This coming Sunday is Palm Sunday, or Sunday of the Entrance into Jerusalem; the starting point of Christ’s salvific Passions and third day Resurrection.

The biblical reading of the Divine Liturgy on this day is from the Gospel of St John 12:1-18. But at orthros, it is from St Mathew (21: 1-11, 15-17).

Both readings speak of the Lord Jesus entering Jerusalem to the reception of cheers: “Hosanna for the Son of David, blessed is He who comes in the name of the Lord, Hosanna on high.”

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The Gospel reading for the Liturgy begins with Jesus’ arrival to Bethany, six days before the Jewish Passover, where Lazarus was raised by Jesus from the dead before His victorious entrance into Jerusalem. We must comprehend that what happened in Bethany is very important as it paved the way for the Lord’s death and His resurrection. Also, the resurrection of Lazarus differs from earlier ones mentioned in the Gospel; after Jesus raised Jairus’ daughter, and then the son of the widow of Nain, He raised His friend Lazarus after he had been dead for four days, his body already decomposing. The raising of Lazarus was an expression of proof that the Lord Jesus is the Master of life, He is the true witness and a clear manifestation of the general resurrection, the resurrection of all those who have fallen asleep and will fall asleep in the Lord. We chant: “O Christ God, when Thou didst raise Lazarus from the dead before Thy Passion: Thou didst confirm the universal resurrection.”

The raising of Lazarus was a precursor for new life; it was radiant and conclusive evidence of the divinity of Christ. This holy evidence became the reason why many began to believe in Him and then became the reason why the priests constructed a plot to kill Lazarus as well “because many Jews were going to believe in Jesus”.

The other occurrence during this time also happened in the house of Lazarus; “Mary brought a pound of ointment of spikenard, very costly, and anointed the feet of Jesus, and wiped his feet with her hair, while Martha served Him.” This work of Love provoked Simeon the Iscariot who saw it as an unjustified extravagance. Obviously, his interest was not charity, but the motivation of greed and love of money as a keeper of the money purse; the Gospel states “he was a thief, and bore the money bag, and what was put therein”. Jesus stopped him, saying, “Let her be! But let her save it for the day of my burial.” This blessed act was the preparation of and declaration of the death, shrouding, and burial of Christ.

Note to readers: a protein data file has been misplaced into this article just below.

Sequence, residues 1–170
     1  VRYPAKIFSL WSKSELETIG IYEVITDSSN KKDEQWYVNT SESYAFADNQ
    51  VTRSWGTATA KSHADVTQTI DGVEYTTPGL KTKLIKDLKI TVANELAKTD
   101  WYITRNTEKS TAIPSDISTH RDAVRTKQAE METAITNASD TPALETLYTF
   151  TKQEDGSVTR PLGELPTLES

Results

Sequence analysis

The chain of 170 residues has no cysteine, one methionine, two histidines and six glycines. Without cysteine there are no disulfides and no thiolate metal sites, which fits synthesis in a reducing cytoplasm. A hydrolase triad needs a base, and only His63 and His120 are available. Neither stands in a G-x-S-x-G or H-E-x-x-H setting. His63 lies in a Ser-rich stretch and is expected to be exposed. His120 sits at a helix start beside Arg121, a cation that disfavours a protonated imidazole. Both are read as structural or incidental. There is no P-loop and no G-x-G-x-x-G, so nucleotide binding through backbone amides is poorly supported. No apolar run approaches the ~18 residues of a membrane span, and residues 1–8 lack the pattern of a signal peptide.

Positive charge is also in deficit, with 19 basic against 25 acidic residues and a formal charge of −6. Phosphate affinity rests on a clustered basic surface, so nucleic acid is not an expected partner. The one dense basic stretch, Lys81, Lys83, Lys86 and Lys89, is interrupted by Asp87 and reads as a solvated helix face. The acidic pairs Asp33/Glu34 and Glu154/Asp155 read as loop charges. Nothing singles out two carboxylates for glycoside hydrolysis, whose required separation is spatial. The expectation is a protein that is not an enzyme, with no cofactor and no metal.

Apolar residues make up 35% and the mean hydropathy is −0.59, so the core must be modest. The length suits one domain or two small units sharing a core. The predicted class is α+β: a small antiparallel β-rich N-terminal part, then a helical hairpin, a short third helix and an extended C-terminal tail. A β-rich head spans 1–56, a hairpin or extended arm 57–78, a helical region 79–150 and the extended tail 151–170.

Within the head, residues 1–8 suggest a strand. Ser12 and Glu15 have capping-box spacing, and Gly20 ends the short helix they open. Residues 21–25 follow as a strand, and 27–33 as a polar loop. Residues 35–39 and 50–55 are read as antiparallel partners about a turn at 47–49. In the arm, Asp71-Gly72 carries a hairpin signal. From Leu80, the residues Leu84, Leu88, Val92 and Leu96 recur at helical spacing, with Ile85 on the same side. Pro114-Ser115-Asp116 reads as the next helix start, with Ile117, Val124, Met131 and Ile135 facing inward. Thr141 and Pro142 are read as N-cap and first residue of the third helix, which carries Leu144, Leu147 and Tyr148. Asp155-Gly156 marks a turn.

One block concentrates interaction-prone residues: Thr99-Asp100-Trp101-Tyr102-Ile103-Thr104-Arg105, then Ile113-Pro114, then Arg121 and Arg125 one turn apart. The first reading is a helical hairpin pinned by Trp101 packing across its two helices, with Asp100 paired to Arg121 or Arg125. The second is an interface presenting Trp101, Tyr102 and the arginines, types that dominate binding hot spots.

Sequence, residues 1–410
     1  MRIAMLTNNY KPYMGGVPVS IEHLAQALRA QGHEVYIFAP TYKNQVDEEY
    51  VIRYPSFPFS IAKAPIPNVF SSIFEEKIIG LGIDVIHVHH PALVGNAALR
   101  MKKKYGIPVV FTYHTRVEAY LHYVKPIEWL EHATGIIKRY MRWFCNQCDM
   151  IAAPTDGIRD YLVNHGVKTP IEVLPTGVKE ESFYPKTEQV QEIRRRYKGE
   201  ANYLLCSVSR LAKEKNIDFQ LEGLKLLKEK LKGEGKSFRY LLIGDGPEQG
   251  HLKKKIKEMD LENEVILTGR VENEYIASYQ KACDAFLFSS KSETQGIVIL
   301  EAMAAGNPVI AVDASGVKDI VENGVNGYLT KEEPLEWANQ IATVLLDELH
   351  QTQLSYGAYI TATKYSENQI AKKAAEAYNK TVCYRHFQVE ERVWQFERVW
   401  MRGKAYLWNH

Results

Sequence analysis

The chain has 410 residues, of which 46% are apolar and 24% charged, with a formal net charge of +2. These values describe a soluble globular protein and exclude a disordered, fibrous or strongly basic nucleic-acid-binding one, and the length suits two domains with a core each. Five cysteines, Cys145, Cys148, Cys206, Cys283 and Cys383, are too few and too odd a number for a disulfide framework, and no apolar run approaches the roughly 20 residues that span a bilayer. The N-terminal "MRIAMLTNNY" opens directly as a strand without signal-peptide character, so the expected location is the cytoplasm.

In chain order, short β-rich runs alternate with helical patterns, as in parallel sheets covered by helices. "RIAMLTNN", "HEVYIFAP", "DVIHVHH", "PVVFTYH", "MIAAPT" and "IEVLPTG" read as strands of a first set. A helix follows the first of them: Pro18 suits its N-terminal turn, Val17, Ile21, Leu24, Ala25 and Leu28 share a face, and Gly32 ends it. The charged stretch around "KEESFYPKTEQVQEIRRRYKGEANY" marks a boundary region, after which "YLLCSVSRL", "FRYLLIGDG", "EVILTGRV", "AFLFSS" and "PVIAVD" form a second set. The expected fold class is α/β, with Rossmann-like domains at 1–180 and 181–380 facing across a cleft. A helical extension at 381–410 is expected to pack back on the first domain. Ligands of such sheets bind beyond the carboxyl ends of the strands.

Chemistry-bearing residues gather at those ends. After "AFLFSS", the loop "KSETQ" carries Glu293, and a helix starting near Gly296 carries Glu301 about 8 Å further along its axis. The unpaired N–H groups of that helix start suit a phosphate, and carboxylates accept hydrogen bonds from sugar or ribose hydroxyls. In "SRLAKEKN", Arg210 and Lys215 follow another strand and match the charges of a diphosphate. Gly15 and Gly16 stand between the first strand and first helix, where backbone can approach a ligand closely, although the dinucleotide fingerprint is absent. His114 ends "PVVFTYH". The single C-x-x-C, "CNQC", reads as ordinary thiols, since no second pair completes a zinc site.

The second part of this reading speaks of the entry of Jesus into Jerusalem where He was met with a huge crowd. “The multitudes spread their clothing on the ground and some cut branches from trees and took the palm’s branches and went out to meet Him.” With these branches, they were pointing to the predominance of Christ over death, as it was usually the custom that victorious kings be honoured in the war by victory processions using similar branches. However, the entry of the victorious Messiah was different from the entry of other kings; he did not arrive in vehicles, with weapons or soldiers, through murder, destruction, and blood, but on a humble donkey of “Athan”. He arrived in humbleness, meekness and peacefulness, accomplishing the prophecy of Zakharia (9:9); “Rejoice, daughter of Zion, because; Behold your King comes to you riding on the donkey of the line of Athan.” He is the God of Peace, as the Apostle Paul says in today’s message, “God of Peace Be With You” (Philippians 4:9).